Credit: National Renewable Energy Laboratory, Public Domain.

However, there are some other considerations to make in terms of sustainability. First, large hydroelectric facilities are not very environmentally friendly. Depending on the location, there can be problems with flooding of habitats and even towns, compromising fish migration, altering stream content and temperature, impacting scenic areas, and other considerations. The articles below provide some insight into some of these potential problems. Note also that not all hydro has the same problems - by using different types of hydroelectric facilities such as run-of-river and micro-hydro, environmental and social impacts can be minimized.

In terms of social equity, there are a few important considerations to make. First of all, do people have access to energy, and can they afford it? This is a tricky question to answer, as it depends on a lot of factors, many of which were indicated above. Some equity and other considerations include:

  • Solar panels used to be prohibitively expensive, but new business models are making them much more affordable, even effectively free to the customer.
  • Wind and hydro can usually be purchased through utilities at the same or lower rates than fossil fuels.
  • One very important equity consideration is that fossil fuel power plants are often sited near low-income areas of the country and world, and thus the negative health impacts are unevenly distributed, with the least powerful bearing the brunt. (The term "environmental justice" hopefully comes to mind for you right about now!) Add to the previous point that the environmental destruction from coal mining is especially unevenly distributed.
  • Wind turbines can be a nuisance, as indicated in the article above, but is relatively minor compared to power plants.
  • Solar is usually unobtrusive, though some people do not like "the look" of the panels.
  • Large hydro can have a major social cost, as you may have seen in the article above. Flooding of houses and even whole towns can result from dams being built, though this is more the exception than the rule in industrialized countries. As always, these impacts are disproportionately felt by low income and marginalized people.

One of the benefits of conventional energy generation is that the infrastructure is largely set up, at least in industrialized countries. In the U.S., for over 100 years, we have built an energy infrastructure based on large power plants and fossil-fuel based vehicles. This gives conventional energy sources an advantage in terms of providing access. That said, wind, hydro, and solar can all utilize the existing infrastructure. Hydroelectric dams provide the same service as fossil-fuel power plants, but usually on a slightly smaller scale, so they are a good fit. They also provide a very consistent stream of electricity as long as no droughts are occurring, and they can increase and decrease production pretty rapidly, unlike solar and wind.

Probably the biggest current problem with solar and wind is that they are intermittent - the sun does not always shine, and the wind does not always blow. This is a major issue because we currently do not have the storage capabilities to provide the energy on command. One common problem with wind and solar are that they are often highest in areas with low population densities. In the U.S., for example, the greatest on-shore wind resources are in the Great Plains in the Midwest, where the population density is very low.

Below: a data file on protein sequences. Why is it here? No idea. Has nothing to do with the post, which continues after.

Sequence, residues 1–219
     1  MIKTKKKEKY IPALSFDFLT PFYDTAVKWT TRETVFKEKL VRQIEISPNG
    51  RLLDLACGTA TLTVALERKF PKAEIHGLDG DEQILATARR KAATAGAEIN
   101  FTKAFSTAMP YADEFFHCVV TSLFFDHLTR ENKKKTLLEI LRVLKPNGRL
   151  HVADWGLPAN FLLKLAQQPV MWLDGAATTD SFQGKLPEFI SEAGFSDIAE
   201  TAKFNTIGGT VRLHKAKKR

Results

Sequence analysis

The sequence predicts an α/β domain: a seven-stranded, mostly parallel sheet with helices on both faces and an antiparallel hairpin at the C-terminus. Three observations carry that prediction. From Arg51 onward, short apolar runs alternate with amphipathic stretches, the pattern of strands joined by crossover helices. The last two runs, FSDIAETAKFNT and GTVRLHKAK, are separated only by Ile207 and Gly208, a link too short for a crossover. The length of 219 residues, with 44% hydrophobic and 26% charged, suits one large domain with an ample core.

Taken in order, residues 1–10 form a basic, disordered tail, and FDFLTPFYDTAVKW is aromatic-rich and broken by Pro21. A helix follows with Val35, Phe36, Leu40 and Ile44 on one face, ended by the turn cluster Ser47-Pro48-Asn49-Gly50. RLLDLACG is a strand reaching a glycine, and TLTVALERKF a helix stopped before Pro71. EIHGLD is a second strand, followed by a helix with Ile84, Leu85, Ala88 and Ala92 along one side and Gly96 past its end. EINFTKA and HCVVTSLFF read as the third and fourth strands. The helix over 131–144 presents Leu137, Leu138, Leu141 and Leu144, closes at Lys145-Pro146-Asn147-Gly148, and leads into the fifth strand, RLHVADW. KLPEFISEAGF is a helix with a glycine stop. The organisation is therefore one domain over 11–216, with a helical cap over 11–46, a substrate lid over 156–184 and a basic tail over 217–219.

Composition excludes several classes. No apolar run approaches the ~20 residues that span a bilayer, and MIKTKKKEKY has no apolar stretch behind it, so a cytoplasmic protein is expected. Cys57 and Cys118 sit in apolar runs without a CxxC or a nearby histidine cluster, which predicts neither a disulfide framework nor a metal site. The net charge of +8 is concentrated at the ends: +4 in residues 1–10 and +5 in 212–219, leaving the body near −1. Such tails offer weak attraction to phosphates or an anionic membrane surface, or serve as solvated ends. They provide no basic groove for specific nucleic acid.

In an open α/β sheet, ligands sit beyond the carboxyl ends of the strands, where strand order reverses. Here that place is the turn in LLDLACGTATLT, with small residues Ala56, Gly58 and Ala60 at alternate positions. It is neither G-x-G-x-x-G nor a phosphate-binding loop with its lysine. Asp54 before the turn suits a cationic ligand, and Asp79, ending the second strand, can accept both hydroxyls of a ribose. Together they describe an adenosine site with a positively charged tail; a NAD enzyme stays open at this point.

Wind resources in the U.S, best resources are generally on the coasts over water. Full description in caption.
Figure 3.16: Wind resources in the U.S. Note that the best onshore resources are located in the Midwest, which has a relatively low population density. The offshore resources are very good and are close to many population centers. Offshore farms are expensive, and, ironically, because they are proposed near population centers, there is often significant public resistance to putting them there. There are currently no offshore farms in the U.S., but there are many worldwide. Click on the image for a larger version.
Credit: National Renewable Energy Laboratory, Public Domain.

One of the benefits of solar is that as long as there is not too much shading, many households can satisfy their energy needs using existing rooftop spaces. However, not every location is ideal for solar. The intermittency of wind and solar is also a major problem, as noted above. This will change if/as battery technology becomes more accessible, and as the grid is upgraded.


Overall, the biggest advantages of renewable energy sources are:

  • they are inexhaustible (hydro has limits though), carbon-free, and have very minimal environmental impacts (notwithstanding large hydro);
  • they also tend to be more democratic, in that many of them are suitable for scaling down to a personal level. This is not possible with current technology for fossil fuel-based electricity generation;
  • most of them are also cheaper than almost all forms of non-renewable energy, as long as they are properly sited.

The main disadvantages of solar, wind, and hydro are:

  • they are intermittent, and so without storage cannot be relied upon to deliver energy when needed;
  • they are not able to be deployed in every location, e.g.; shaded areas for solar, calm areas for wind, and dry areas for hydro;
  • large-scale hydro has a lot of negative environmental impacts, and there are some environmental and social problems with wind.

The last thing I'd like to note is that the most sustainable energy is the energy that you don't use. Remember that energy efficiency is sometimes called the "fifth fuel?" That is very much applicable to these considerations. Also, as noted above, energy efficiency has been found to have a lower LCOE than any other energy source! The more we can reduce our energy use while getting the same benefits from the energy service, the better off we will be.